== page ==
Now the idea of a mass movement becomes merely a catchword if you, the individual, who are part of the mass, do not understand your true function. True collective action can take place only when you, the individual, who are also the mass, are awake and take the full responsibility for your action without compulsion.
Please bear in mind that I am not giving you a system of philosophy which you can follow blindly, but I am trying to awaken the desire for true and intelligent fulfillment, which alone can bring about happy order and peace in the world.
There can be fundamental and lasting change in the world, there can be love and intelligent fulfillment, only when you wake up and begin to free yourself from the net of illusions, the many illusions which you have created about yourself through fear. When the mind frees itself from these hindrances, when there is that deep, inward, voluntary change, then only can there be true, lasting, collective action, in which there can be no compulsion.
Please understand that I am talking to you as an individual, not to a collective group or to a particular party. If you do not awaken to your full responsibility, to your fulfillment, then your function as a human being in society must be frustrated, limited, and in that lies sorrow.
So the question is: How can there be this profound individual revolution? If there is this true, voluntary revolution on the part of the individual, then you will create the right environment for
all, without the distinction of class or race. Then the world will be a single human unit.
How are you going to awaken as individuals to this profound revolution? Now what I am going to say is not complicated, it is simple; and because of its very simplicity, I am afraid you will reject it as not being positive. What you call positive is to be given a definite plan, to be told exactly what to do. But if you can understand for yourself what are the hindrances that are preventing your deep and true fulfillment, then you will not become a mere follower and be exploited. All following is detrimental to completeness.
To have this profound revolution, you must become fully conscious of the structure which you have created about yourself and in which you are now caught. That is, we have now certain values, ideals, beliefs, which act as a net to hold the mind, and by questioning and understanding all their significance, we shall realize how they have come into existence. Before you can act fully and truly, you must know the prison in which you are living, how it has been created; and in examining it without any self-defense you will find out for yourself its true significance, which no other can convey to you. Through your own awakening of intelligence, through your own suffering you will discover the manner of true fulfillment.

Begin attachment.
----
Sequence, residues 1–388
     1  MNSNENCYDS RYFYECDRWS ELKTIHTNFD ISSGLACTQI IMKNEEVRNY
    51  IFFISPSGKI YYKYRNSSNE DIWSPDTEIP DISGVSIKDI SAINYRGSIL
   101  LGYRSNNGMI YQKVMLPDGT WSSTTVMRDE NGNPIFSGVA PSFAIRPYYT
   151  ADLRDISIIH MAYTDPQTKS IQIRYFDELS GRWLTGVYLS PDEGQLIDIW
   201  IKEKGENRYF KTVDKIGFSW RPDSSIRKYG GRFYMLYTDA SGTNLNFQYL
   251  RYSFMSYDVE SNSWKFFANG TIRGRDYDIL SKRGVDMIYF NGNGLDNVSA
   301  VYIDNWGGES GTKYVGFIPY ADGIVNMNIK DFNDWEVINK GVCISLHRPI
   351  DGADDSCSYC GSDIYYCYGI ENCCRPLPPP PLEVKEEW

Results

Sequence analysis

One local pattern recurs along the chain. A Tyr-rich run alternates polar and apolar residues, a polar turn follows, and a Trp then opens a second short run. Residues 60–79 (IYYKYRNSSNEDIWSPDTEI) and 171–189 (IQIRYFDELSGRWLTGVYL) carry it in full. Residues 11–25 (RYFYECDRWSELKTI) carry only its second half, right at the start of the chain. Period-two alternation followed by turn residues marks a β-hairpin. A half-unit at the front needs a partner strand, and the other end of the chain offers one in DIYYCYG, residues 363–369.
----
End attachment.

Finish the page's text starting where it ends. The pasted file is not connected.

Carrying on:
Each one of us is seeking security, certainty, through egotistic thought and action, objectively and subjectively. If you are conscious of your own thought, you will see that you are pursuing your own egotistic certainty and security, both outwardly and inwardly. In reality, there is no such absolute division of life as the objective and the subjective world. I make this division only for convenience.
Objectively, this search for egotistic security and certainty expresses itself through family, which becomes a center of exploitation, based on acquisitiveness. If you examine it, you will see that what you call the love of family is nothing but possessiveness.
That search for security again expresses itself through class divisions, which develop into the stupidity of nationalism and imperialism, breeding hatred, racial antagonism, and the ultimate cruelty of war. So through our own egotistic desires we have created a world of nationalities and conflicting sovereign governments, whose function is to prepare for war and force man against man.
Then there is the search for egotistic security, certainty, through what we call religion. You like fondly to believe that divine beings have created these organized forms of belief which we call religions. You yourself have created them for your own convenience; through ages they have become sanctified, and you have now become enslaved to them. There can never be ideal religions, so let us not waste our time discussing them. They can exist only in theory, not in reality. Let us examine how we have created religions and in what manner we are enslaved to them. If you deeply examine them as they are, you will see that they are nothing but the vested interest of organized belief—holding, separating, and exploiting man. As you are objectively seeking security, so also you are seeking subjectively a different kind of security, certainty, which you call immortality. You crave egotistic continuance in the hereafter, calling it immortality. Later in my talks I will explain what to me is true immortality.